On April 7 the New Orleans-based 5th U.S. Circuit Court of Appeals overturned a Texas federal judge’s temporary restraining order blocking Texas Governor Gregg Abbot’s Executive Order GA-09, which temporarily prohibited all elective surgeries and procedures in the wake of COVID-19-related shortages of personal protective equipment (PPE) for healthcare workers. The ban was intended to free up PPE for use by healthcare workers on the frontlines of the battle against the deadly virus.
The governor’s order, issued on March 22, didn’t mention abortion at all, but abortionists routinely use PPE in abortion procedures. Texas Attorney General Ken Paxton later clarified that the governor’s order did indeed apply to abortion as well as other elective surgeries and procedures, and several abortion sellers around the state filed a federal lawsuit seeking an immediate stop to the executive order until a trial could be held. Judge Lee Yeakel issued what is called a Temporary Restraining Order (TRO) which did exactly that.
Texas immediately appealed to the 5th Circuit in a rare process called “mandamus,” which is only reserved for the gravest of errors committed by a government official. A high bar of proof that official malfeasance has occurred is necessary in order to obtain such relief. Nevertheless, a panel of three judges on the 5th Circuit agreed that this case warranted such relief, and ultimately reversed the district court’s decision, calling it “patently wrong.”
The panel essentially faulted Judge Yeakel for placing abortion into a protected class of its own during a national health emergency that no other constitutional right enjoys.
“Under the pressure of great dangers, constitutional rights may be reasonably restricted as the safety of the general public may demand. That settled rule allows the state to restrict, for example, one’s right to peaceably assemble, to publicly worship, to travel, and even to leave one’s home. The right to abortion is no exception,” the 5th Circuit noted.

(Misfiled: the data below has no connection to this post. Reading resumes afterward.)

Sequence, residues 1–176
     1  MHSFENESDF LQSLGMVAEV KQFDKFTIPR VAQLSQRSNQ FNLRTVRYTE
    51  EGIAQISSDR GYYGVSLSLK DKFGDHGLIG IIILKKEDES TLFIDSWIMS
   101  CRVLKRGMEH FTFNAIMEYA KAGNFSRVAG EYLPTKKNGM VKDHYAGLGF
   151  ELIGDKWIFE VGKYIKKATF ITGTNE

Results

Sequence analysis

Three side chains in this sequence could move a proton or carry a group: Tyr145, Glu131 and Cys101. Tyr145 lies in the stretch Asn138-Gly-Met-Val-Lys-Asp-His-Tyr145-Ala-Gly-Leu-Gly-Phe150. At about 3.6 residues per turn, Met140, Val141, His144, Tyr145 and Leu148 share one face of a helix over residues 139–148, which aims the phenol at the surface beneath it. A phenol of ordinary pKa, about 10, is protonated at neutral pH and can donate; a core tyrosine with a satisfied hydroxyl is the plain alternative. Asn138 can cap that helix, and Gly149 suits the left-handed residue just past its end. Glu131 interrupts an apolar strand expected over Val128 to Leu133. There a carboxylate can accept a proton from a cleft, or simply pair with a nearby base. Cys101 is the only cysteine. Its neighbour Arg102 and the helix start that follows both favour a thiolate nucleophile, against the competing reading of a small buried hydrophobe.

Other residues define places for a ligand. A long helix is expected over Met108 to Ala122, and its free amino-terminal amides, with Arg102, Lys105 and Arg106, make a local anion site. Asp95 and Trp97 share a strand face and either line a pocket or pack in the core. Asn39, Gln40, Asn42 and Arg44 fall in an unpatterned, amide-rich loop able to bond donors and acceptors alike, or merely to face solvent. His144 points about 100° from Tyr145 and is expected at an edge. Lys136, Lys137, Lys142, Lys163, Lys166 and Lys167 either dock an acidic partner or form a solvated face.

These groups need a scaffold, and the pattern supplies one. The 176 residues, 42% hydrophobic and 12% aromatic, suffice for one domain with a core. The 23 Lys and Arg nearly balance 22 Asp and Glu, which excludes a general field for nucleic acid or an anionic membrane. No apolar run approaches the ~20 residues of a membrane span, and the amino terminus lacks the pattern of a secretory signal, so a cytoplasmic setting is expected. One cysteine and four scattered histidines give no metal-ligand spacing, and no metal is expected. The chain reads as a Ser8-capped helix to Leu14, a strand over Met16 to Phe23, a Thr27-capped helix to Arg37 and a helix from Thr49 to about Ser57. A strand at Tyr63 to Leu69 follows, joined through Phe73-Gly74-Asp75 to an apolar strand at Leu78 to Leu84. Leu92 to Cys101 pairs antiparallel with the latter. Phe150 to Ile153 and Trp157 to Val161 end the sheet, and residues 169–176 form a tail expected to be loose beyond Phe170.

Several other state attempts to ban elective surgeries and procedures – including abortions – in an attempt to preserve PPE have been blocked by federal courts in Ohio, Alabama and Oklahoma. The 5th Circuit decision here could help influence federal appeals courts in other jurisdictions, as these cases go quickly up the chain of the federal court system.
We’ve not heard the last of the Texas case. It’s possible the abortion sellers will immediately appeal the 5th Circuit decision to the U.S. Supreme Court. It’s more likely that the case will go back to the district court judge who reached the “patently wrong” decision in the first place to allow him a second shot at doing things correctly. All of these cases will move fast because the Texas executive order, along with similar orders from other governors, are only temporary and will expire in a couple weeks. But at the rate things are going in the fight against the coronavirus, it’s likely such executive orders will be extended for another period of time, making a judicial resolution of this question all the more necessary.
The importance of the 5th Circuit decision, however, is that it rejects the left’s farcical attitude that the judicially created “right” to abortion exceeds all other constitutional rights and is entitled to special treatment by courts and government.
That nonsense took a big hit from the 5th Circuit, and hopefully it will receive the same treatment from the Supreme Court when the opportunity comes.